The last decade has seen a stagnation in the global decline of new leprosy patients, levelling off to between 210,000 and 220,000 per year.
The project was launched in April 2017 and is expected to last until the end of 2024. This project seeks to interrupt the transmission of leprosy in two districts each in the three countries with the highest global burden using a new, more powerful preventive chemotherapy regimen for leprosy named PEP++, combined with innovative approaches to intensify case detection of leprosy. The project targets close contacts (household members, family members, neighbours and social contacts) of new leprosy patients, because they have the highest risk of developing the disease.
Through this project, we expect that over 800,000 people will be treated preventatively and the number of annual new cases within project areas will have dropped by 50% at the end of the project period. With a further continuation of the project beyond 2024, we foresee a 90% reduction in the number of annual new cases by 2030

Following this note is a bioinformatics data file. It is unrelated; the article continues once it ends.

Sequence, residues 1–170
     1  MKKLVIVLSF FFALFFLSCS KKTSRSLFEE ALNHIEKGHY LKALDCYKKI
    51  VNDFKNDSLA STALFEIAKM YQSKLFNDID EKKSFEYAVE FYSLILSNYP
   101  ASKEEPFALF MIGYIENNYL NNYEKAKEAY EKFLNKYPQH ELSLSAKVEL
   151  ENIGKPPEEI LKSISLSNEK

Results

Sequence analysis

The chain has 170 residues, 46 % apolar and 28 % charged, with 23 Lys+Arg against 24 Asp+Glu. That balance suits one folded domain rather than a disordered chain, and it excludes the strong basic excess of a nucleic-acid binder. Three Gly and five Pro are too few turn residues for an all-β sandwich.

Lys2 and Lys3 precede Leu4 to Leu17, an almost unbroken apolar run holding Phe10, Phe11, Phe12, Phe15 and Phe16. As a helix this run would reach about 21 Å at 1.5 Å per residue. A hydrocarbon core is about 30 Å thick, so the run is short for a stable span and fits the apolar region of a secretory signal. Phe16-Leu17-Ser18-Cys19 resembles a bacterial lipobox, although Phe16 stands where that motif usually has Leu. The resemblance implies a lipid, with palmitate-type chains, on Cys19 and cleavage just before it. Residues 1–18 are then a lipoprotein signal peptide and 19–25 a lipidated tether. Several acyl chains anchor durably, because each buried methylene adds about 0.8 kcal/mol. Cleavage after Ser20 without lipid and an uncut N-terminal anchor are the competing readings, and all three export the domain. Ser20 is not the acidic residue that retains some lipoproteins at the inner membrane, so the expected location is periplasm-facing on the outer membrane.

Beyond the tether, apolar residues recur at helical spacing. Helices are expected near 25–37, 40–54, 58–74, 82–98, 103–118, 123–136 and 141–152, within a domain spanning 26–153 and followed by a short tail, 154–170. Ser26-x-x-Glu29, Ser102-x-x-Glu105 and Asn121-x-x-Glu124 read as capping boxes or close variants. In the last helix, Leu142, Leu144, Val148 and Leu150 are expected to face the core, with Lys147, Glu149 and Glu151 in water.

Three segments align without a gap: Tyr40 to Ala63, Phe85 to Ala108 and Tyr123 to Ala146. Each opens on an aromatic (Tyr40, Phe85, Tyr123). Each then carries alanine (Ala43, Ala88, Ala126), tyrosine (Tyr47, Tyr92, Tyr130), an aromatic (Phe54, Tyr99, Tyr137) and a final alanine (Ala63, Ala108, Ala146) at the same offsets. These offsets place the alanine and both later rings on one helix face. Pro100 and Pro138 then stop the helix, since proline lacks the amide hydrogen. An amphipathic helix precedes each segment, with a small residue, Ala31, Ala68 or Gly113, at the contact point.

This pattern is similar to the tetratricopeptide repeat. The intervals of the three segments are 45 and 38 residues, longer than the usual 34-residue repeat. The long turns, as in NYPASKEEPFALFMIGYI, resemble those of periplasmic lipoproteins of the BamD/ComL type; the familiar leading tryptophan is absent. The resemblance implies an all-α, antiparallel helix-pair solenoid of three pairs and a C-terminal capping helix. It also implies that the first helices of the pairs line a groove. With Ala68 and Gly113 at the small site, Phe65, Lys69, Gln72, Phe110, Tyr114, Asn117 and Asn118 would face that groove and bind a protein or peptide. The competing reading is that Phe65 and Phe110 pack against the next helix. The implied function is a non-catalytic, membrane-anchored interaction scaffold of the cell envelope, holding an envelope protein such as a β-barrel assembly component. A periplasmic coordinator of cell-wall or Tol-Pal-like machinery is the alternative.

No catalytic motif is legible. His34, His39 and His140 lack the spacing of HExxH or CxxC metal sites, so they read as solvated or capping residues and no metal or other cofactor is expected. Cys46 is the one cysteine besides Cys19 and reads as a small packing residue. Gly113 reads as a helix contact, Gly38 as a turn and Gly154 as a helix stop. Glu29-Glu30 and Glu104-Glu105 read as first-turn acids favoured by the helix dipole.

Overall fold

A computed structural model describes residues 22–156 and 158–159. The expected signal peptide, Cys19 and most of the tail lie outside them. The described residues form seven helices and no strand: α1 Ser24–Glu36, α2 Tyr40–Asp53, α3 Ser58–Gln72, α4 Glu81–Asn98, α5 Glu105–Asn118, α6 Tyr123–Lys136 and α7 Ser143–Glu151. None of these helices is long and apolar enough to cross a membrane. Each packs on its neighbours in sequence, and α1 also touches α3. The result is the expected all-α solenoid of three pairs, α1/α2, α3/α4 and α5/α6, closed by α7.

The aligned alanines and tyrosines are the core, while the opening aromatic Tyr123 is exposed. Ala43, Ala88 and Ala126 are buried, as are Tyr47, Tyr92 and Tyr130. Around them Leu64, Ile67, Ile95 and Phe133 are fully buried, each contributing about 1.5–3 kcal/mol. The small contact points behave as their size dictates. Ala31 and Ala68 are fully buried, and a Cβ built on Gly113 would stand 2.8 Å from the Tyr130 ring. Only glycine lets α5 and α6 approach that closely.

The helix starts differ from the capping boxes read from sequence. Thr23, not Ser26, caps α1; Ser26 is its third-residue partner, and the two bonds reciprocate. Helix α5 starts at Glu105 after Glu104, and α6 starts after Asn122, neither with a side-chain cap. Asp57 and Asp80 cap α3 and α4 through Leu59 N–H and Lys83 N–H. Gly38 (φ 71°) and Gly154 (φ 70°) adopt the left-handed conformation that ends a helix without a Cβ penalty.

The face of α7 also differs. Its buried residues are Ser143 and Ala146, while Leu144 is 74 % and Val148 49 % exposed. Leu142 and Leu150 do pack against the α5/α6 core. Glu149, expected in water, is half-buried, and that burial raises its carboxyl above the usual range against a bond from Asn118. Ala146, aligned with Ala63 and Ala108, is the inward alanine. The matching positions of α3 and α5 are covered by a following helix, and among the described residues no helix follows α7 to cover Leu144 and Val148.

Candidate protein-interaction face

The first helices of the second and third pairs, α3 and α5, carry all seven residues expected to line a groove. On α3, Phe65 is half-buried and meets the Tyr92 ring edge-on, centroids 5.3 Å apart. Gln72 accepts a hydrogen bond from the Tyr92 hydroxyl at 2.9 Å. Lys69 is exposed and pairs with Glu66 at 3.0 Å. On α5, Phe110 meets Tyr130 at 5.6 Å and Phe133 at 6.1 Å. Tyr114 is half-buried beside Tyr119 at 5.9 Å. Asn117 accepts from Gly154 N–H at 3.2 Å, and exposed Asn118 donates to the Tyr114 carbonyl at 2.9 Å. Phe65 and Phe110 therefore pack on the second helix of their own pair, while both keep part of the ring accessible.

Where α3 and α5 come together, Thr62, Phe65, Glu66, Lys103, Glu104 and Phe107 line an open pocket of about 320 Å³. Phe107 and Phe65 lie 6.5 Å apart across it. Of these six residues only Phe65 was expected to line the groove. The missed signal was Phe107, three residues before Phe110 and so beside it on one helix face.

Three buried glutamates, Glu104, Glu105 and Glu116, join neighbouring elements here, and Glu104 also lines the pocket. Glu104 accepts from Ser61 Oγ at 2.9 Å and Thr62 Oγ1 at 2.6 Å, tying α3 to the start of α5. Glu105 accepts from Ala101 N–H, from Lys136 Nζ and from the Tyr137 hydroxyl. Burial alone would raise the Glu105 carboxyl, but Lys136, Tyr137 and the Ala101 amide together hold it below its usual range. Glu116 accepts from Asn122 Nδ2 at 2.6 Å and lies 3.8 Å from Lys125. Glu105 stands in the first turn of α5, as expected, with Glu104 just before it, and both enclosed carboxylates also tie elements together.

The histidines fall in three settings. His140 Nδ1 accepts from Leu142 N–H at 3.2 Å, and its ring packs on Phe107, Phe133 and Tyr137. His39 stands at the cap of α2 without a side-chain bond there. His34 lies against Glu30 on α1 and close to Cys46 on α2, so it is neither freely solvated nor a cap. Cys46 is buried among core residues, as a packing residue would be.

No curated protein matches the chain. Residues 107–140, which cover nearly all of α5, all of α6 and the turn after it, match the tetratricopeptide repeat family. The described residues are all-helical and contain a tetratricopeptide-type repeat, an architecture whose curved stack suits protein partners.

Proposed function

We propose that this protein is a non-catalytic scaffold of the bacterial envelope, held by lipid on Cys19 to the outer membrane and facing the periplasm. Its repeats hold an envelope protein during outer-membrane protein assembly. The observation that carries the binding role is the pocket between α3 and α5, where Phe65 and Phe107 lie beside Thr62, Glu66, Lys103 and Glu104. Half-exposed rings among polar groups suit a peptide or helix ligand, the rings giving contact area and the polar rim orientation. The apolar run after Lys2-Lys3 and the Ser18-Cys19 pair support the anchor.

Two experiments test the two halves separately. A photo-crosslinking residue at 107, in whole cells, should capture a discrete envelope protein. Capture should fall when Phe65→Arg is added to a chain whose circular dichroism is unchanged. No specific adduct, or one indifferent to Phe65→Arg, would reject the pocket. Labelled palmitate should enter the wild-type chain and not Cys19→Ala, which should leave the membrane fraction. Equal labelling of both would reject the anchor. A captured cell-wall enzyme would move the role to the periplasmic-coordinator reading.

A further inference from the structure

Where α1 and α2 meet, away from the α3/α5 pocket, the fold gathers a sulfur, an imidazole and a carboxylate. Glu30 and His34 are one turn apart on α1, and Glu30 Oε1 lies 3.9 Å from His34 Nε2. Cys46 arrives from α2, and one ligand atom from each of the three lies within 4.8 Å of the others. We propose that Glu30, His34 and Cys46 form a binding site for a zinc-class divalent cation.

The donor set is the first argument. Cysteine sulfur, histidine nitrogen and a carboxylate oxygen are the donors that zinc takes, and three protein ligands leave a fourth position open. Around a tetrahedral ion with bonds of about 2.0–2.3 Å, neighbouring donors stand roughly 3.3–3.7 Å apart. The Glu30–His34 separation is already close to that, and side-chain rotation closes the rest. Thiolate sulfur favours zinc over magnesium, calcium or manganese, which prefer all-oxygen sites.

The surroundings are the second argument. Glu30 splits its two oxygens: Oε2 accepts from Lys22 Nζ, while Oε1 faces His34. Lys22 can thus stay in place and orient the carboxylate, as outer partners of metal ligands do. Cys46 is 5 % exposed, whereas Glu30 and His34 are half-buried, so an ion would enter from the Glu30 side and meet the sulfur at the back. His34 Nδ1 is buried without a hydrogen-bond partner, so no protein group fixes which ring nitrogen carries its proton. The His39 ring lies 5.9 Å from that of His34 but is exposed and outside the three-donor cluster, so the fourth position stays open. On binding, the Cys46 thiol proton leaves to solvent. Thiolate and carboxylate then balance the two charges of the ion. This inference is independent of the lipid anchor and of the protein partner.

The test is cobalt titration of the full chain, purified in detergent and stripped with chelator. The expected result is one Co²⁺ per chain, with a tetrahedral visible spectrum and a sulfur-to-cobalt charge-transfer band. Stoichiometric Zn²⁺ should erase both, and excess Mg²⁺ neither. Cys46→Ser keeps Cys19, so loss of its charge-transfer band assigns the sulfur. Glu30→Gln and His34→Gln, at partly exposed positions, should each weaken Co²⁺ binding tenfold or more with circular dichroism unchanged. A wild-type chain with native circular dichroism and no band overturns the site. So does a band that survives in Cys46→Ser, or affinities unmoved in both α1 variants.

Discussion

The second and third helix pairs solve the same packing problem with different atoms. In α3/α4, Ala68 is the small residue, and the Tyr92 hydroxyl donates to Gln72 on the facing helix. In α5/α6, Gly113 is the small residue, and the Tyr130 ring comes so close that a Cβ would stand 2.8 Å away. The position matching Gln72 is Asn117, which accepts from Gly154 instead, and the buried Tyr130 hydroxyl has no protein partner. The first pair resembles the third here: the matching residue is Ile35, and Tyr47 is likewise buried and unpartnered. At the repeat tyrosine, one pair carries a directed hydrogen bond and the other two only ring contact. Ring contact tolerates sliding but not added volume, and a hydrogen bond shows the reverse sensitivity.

The project’s multi-centre research programme uses a new, more robust preventive chemotherapy regimen combined with innovative approaches to intensify leprosy case detection. Amongst these approaches are epidemiological mapping and context-specific educational messaging countering stigma.
The project will work with university, governmental and non-governmental partners in these three countries to generate scientific evidence of the effectiveness of the PEP++ regimen and approach. Together with international partners in ILEP and the Global Partnership for Zero Leprosy, we plan to convince public officials, the World Health Organisation (WHO), ministries of health and investors to use the results of this trial to accelerate our progress towards stopping transmission.
The improvement of local knowledge and perceptions of leprosy are essential strategies to reduce stigma and promote early case detection in leprosy. The Stop the transmission of leprosy! project aims to contribute to this by implementing an enhanced ‘package’ of leprosy control measures in all study areas. Community education and behavioural change (CEBC) interventions are a key part of this ‘package’. The aim is to raise awareness and improve knowledge about the social impact of the disease and to facilitate behavioural change. We believe this is a necessary step for successful introduction of and adherence to post-exposure prophylaxis interventions.